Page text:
Re: [Cfrg] Point format endian (was: Adoption of draft-ladd-spake2 as a RG document)

Mike Hamburg <> Sun, 25 January 2015 18:26 UTC

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Date: Sun, 25 Jan 2015 10:26:10 -0800
From: Mike Hamburg <>
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Subject: Re: [Cfrg] Point format endian (was: Adoption of draft-ladd-spake2 as a RG document)
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I think that this is actually an interesting question, so maybewe can
put aside religion and mockery thereof for little bit...

Does anyone know of existing code which processes cryptography over
multiple fields using a generic bignums package (hopefully with fixed-size
bignums for timing resistance), and would be complicated by inconsistent
endian practices in a new curve?  If so, it might be worth considering a
consistent endian.

Otherwise, I don't see why it really matters. Feel free to try to convince
me, but make sure you compose your post using Emacs and not vi.

However!  I think it's very strongly preferable that point formats and
signatures should contain a fixed number of bytes on a given curve.
(Perhaps allowing different sizes for compressed points, but leading zeros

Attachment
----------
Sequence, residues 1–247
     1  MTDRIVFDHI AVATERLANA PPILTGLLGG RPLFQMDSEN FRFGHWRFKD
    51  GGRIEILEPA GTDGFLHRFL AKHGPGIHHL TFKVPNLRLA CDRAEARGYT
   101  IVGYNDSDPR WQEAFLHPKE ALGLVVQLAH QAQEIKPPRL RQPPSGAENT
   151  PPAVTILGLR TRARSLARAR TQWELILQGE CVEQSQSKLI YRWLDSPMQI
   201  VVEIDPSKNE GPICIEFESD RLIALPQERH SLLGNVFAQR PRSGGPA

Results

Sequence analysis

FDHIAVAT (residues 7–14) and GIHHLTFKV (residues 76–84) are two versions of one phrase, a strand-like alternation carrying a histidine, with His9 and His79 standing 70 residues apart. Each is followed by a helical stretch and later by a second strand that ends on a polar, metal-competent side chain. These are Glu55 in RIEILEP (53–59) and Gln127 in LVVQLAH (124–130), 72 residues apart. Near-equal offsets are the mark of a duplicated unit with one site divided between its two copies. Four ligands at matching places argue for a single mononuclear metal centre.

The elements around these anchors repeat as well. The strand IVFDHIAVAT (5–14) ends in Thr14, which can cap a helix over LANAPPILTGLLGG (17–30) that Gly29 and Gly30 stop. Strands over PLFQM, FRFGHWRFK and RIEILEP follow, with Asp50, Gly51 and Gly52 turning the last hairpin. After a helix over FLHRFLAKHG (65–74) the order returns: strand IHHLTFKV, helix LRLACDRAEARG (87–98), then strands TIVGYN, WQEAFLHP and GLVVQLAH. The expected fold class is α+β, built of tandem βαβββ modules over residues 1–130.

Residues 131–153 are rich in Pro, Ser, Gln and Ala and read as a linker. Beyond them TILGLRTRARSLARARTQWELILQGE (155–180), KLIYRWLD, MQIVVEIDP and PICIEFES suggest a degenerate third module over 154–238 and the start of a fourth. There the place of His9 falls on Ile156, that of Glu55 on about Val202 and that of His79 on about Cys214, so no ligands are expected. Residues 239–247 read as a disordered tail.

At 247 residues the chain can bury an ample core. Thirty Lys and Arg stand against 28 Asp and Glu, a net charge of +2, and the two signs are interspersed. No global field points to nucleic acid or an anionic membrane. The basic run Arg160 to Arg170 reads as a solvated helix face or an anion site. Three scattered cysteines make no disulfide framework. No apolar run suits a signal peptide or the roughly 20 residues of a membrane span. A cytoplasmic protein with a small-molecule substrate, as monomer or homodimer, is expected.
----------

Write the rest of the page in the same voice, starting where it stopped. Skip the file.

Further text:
*should not be stripped*.)  That way points and signatures can go into
structs instead of using some awful ASN.1 TLV format.

-- Mike

On 01/25/2015 09:48 AM, Dan Harkins wrote:
> On Sun, January 25, 2015 12:30 am, D. J. Bernstein wrote:
>>> a long-standing tradition of the on-the-wire format
>> Just to make sure that I understand, after reviewing a ton of tcpdump
>> output: You're referring to the HTTP tradition of variable-length ASCII
>> decimal encodings for integers on the wire (cache times, data lengths,
>> version numbers, etc.)? Does this mean that IETF pushed this HTTP
>> tradition into AES-GCM's internal integer encodings before deploying
>> AES-GCM, and plans to do the same for other cryptographic systems?
>    No, you could not be more wrong in that assumption.
>>> better looking and more maintainable code
>> You're absolutely right: being able to reuse existing variable-length
>> ASCII decimal integer encoders and decoders has always been a critical
>> part, I daresay the most important part, of implementing, reading,
>> auditing, and maintaining cryptographic software. RFC 1321 (MD5) got
>> this totally wrong---the integers are _backwards_ and _non-decimal_ and
>> _non-ASCII_---and we all know what happened to MD5 as a result.
>> Now that you've reminded me of what really matters for cryptographic
>> code complexity and security, I would love to put together an ASCII
>> decimal version of Curve25519, but I have to admit that I'm not
>> _completely_ clear on the details of the HTTP tradition that you're
>> talking about. For example, are leading zeros allowed? This would allow
>> simpler integer encoding for some embedded systems, but it would cause
>> trouble for existing parsers that switch to octal for a leading 0, such
>> as base-0 strtol(). Also, can the integers exceed 2147483647?
>    Do you want to be taken seriously when you respond like this?
>    Dan.
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